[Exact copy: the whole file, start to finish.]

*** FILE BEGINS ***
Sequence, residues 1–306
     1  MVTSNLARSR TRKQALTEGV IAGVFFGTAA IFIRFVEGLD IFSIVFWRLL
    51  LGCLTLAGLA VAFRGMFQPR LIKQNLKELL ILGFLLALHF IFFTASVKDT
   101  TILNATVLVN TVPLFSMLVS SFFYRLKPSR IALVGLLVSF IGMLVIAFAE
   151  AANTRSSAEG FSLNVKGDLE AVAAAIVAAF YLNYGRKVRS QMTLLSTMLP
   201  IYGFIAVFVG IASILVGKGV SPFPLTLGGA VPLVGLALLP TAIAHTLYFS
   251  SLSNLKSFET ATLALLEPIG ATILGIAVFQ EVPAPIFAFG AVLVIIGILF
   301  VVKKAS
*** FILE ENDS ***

Sequence, residues 1–306
     1  MVTSNLARSR TRKQALTEGV IAGVFFGTAA IFIRFVEGLD IFSIVFWRLL
    51  LGCLTLAGLA VAFRGMFQPR LIKQNLKELL ILGFLLALHF IFFTASVKDT
   101  TILNATVLVN TVPLFSMLVS SFFYRLKPSR IALVGLLVSF IGMLVIAFAE
   151  AANTRSSAEG FSLNVKGDLE AVAAAIVAAF YLNYGRKVRS QMTLLSTMLP
   201  IYGFIAVFVG IASILVGKGV SPFPLTLGGA VPLVGLALLP TAIAHTLYFS
   251  SLSNLKSFET ATLALLEPIG ATILGIAVFQ EVPAPIFAFG AVLVIIGILF
   301  VVKKAS